Beyond the “Secularism Tic” – An Interview with Feminist Philosopher Sandra Harding by Nina M. Flores at Ms. blog
Standpoint theory is a theory of knowledge, but in most disciplines it is regarded as a methodology, a way to do research. Standpoint approaches use the differences between a dominant group’s values and interests and those of subordinate groups to provide research that is for the subordinate group – that answers the kinds of questions they want answered. Standpoint is a logic of research that seems to emerge every time a new group steps on the stage of history. For instance, ex-colonized groups, the civil rights movement, the LGBTQ movement and other groups ask similar kinds of questions. They may not use the language of standpoint theory, but they tend to say, “Well, from the perspective of our lives things look different.”
Feminist standpoint asks why what is regarded in disciplines as the very best research so often ends up making sexist, racist, heteronormative, classist or abled claims. What does it tell us about research processes and standards for objectivity when the very best research produces these results? Well, when the whole research community is androcentric, it has no way to detect those androcentric assumptions shaping its research – it’s like a fish trying to see the water it swims in. Feminist standpoint proposes starting research from the daily lives of women (or others who didn’t design the dominant frameworks) for three reasons: first, to understand women’s lives through concepts and terms that come from those lives. Sociologist Dorothy Smith says the term “housework” would never be coined by people who do it – it clearly comes from the lives of people who work outside the home, for whom the household is not a place of work. Secondly, to “study up”: to critically analyze the dominant institutions, their cultures and practices through the lens of people who receive few benefits from those institutions. Third is to understand how the assumptions and practices of those institutions – such as the Pentagon, the Department of Education, the State Department, Wall Street – shape the daily lives of women, and how does what women do shape those institutions?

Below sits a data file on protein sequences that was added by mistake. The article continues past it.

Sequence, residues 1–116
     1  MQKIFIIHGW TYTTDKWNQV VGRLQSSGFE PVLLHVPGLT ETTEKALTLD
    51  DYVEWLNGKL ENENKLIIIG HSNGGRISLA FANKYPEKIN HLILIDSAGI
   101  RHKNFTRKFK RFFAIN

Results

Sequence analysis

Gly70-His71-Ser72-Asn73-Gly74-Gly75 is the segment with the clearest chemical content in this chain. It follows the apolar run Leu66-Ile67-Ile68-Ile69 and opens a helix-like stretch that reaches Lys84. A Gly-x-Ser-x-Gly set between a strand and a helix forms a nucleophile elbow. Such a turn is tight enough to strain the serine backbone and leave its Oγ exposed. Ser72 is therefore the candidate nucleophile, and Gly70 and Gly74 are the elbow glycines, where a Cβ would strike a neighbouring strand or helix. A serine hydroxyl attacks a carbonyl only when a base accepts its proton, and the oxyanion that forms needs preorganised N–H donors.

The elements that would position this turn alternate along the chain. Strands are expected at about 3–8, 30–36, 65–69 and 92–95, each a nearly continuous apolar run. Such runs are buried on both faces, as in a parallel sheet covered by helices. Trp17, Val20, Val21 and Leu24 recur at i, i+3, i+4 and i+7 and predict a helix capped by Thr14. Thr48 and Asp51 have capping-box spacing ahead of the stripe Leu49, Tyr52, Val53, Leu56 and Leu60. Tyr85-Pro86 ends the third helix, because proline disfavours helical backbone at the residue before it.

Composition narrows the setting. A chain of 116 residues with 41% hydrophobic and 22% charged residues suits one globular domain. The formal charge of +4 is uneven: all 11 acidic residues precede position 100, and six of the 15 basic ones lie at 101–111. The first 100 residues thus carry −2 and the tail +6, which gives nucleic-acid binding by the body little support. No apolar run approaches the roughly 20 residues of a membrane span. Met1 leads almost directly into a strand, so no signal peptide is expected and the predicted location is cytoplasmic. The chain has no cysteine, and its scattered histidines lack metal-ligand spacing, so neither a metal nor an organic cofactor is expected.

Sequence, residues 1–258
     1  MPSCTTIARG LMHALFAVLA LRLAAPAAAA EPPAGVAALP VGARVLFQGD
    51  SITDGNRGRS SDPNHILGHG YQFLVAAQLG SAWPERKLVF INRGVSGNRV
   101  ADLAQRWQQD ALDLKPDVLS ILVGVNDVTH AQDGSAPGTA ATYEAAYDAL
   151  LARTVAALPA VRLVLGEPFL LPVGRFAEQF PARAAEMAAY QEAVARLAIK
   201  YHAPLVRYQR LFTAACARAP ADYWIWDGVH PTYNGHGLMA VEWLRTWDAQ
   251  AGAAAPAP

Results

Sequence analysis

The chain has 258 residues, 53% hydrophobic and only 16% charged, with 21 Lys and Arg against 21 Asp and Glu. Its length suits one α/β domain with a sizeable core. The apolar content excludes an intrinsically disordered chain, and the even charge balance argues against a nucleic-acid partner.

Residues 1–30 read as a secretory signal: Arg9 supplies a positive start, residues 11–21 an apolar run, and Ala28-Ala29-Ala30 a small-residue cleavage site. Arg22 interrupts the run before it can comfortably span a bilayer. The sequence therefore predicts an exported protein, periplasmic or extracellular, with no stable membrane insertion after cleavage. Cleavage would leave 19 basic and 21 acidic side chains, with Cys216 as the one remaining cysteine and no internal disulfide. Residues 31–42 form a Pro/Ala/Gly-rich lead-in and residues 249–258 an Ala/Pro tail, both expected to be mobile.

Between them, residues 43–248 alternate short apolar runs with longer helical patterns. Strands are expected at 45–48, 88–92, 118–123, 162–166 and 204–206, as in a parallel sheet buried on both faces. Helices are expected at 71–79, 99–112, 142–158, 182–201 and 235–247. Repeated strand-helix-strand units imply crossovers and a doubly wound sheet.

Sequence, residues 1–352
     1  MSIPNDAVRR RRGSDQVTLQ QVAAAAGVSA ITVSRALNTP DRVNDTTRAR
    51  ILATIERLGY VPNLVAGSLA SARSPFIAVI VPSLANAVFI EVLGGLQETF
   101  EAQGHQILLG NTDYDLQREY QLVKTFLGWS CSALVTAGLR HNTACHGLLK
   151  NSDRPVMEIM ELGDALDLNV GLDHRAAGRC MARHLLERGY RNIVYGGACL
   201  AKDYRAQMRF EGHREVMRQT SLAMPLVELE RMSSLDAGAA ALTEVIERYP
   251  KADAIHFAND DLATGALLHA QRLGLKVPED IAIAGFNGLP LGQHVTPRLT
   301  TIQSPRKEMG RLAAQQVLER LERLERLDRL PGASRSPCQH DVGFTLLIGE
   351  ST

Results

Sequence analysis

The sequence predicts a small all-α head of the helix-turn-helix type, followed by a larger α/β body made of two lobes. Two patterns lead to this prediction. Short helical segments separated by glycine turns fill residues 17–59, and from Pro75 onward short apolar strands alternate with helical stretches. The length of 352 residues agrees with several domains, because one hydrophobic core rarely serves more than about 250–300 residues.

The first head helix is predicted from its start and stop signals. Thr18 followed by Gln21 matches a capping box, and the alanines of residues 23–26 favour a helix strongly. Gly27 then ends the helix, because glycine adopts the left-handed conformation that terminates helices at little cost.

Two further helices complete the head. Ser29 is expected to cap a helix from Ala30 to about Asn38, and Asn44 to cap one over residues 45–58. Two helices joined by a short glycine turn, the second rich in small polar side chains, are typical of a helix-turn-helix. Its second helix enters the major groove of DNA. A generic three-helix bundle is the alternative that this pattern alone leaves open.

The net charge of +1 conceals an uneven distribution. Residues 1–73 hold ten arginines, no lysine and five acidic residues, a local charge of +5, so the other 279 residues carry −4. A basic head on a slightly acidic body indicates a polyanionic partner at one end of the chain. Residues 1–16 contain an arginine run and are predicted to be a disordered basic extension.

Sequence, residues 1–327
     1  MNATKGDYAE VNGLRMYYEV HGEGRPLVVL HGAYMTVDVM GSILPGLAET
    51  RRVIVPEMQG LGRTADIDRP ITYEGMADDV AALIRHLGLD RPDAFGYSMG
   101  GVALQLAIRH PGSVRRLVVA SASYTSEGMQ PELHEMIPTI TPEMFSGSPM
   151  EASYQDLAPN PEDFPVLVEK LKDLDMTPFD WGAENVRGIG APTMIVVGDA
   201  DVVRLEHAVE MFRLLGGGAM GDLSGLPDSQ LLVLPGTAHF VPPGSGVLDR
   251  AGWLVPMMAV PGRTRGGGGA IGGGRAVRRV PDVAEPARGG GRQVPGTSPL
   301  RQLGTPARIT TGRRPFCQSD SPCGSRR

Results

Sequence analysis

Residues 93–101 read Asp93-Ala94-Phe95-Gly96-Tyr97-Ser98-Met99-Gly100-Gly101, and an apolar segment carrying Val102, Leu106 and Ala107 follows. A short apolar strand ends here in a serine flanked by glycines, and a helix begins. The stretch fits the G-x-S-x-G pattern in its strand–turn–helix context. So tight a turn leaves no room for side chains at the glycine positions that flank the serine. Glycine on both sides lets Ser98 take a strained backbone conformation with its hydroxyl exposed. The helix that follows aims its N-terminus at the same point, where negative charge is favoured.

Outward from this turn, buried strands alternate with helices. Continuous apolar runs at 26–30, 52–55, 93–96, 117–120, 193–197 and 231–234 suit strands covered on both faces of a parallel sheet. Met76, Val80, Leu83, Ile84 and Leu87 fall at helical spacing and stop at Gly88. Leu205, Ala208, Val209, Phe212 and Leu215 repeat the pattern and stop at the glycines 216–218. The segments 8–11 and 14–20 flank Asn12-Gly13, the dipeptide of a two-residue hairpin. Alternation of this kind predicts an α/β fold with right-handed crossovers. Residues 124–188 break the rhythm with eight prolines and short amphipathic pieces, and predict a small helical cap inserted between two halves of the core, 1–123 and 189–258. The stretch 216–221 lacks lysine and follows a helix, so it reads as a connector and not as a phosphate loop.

And also, when the whole research community and liberal arts and social science disciplines are White supremacist, it has no way to detect those racist assumptions shaping its research and their liberal arts and social science theory – it’s like a fish trying to see the water it swims in, when the white fish have decided that they’re colorblind blind. Fish with colors!? We’re all white! Except we aren’t.